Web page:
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How NOT to Design an Awesome Logo

I recently ran across an unfortunate web article called "How to Design an Awesome Logo" by Gary Simon. In it, Simon suggests that an "awesome" logo design is as easy as:

1. Opening Photoshop (mistake #1)
2. Typing some fonts (ugh)
3. Vector-tracing a raster image (are you kidding?)

This attempt at no-talent-no-problem awesome logo design is full of design NO-NOs any legitimate designer will not use.

1. Opening Photoshop

First, designers know that true logos are not created in Photoshop, even if they happen to have a photographic element... because they know the difference between vector art and raster art.

VECTOR ART: All of the pieces show in my logo design section are vector images, which are infinitely scalable mathematical drawings. That means if a client needs to blow up the logo to 100 feet by 100 feet, the image will look as crisp as it does small.

RASTER ART: On the other hand, photographs are raster images, which means they have a finite size limited by the sophistication of the device (generally a camera) that captured them. That means if a client needs to blow up a raster image to 100 feet by 100 feet, the image will become more and more pixelated as it's inflated.

Photoshop is the application most designers use to generate raster art. Vector graphics can be created within Photoshop, but the resulting file is of finite size that can not be enlarged without loss of image quality. Illustrator is the application most designers use to generate logos and other vector art. Raster images can be placed within Illustrator and maintain their own resolution within the file... so if raster and vector art are mixed, upon blowup, the vector art remains crisp while the raster art gets pixelated.

In his tutorial, Simon suggests that you start with a 600px x 500px Photoshop document. A document of this size limits you to a logo that prints at approximately 2" x 1.5" -- and no larger. He must not know the difference between screen resolution and print resolution.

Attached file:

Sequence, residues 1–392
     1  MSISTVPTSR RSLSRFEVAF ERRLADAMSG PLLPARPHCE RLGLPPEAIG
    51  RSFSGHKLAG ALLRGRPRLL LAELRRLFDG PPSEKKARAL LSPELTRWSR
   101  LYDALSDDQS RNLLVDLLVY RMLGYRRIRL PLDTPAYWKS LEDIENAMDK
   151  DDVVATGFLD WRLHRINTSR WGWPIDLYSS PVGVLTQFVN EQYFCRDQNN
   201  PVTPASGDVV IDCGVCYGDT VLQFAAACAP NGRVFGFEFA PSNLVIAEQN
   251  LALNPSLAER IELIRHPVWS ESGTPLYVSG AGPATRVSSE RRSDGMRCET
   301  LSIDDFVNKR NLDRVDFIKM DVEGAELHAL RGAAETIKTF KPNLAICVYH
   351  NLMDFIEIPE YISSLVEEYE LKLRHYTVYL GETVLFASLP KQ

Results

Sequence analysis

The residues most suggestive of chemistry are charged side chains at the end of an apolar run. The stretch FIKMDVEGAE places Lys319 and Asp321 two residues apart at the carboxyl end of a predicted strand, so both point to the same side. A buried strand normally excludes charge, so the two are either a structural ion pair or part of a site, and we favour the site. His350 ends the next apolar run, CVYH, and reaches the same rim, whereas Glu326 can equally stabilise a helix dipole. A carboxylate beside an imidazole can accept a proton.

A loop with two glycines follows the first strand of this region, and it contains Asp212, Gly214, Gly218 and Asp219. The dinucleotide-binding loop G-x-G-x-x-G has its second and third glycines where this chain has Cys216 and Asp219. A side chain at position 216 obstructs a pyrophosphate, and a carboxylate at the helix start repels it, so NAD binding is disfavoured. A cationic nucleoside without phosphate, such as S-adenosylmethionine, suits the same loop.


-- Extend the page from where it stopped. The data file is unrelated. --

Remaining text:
SCREEN RESOLUTION: Monitors display art at 72dpi (dots per inch). That means a 600px x 500px document will theoretically appear approximately like a 9" x 7" image, although that's deceptive because everyone has their monitor resolution set differently. If you have 1260 resolution, a 600px image would come about 50% across the screen.

PRINT RESOLUTION: Printed matter displays art at 300dpi. This means an image needs to be about five times larger to appear with the same image quality as the corresponding web image.

Some people might think all they need is a screen-resolution logo, since they have a web business. But anyone who believes in their business should all believe in the potential to eventually need to print something, whether it's a business card, invoice form for a web store, or banner.

2. Typing some fonts

Hopefully, most designers give it a little more respect than this article does. Viewing, selecting, and customizing characters is a huge part of real logo design.

3. Vector-tracing raster images

The newest wave in DIY-by-non-designers is vector-tracing. This is the practice of placing a raster image and tracing over it with the vector pen tool. It has legitimate uses but recently become a way for wannabes to claim themselves "illustrators." Real illustrators, like my husband, have the talent to create singular art with nuance just for a client, a one-of-a-kind character or icon to encapsulate a brand and serve as a unique identifier.

Generally, this overuse is seen in t-shirt design, where photographs are traced into vector art and blown up--but this article has gone a step further by showing the designer tracing over an illustration! This is infuriating, since it is complete plagiarism of another artist's illustration. Of course, Simon put in a disclaimer that hand-drawn is better (But got no talent? No problem!) and anyone should buy an image from a stock agency before tracing, but the fact that he traced over a cartoon shows a real problem. This practice could get a company in legal trouble for illegal use of copyrighted imagery.

Fortunately, these methods come across in the resulting portfolio, which is full of staid, lifeless logos. I can't wait to check out his other site, which promises that you'll be designing "amazing" websites yourself within three hours! What?

If you don't know a lot, at least know what questions to ask when you consult a professional logo designer. Find out their work process, what kind of files they will provide, and whether they know how to sketch. Don't feel vulnerable and obligated to use someone simply because they've created a logo before... educate yourself, look at lots of logos you like to determine similarities between them, and find someone who will treat your project with the respect and long view it deserves!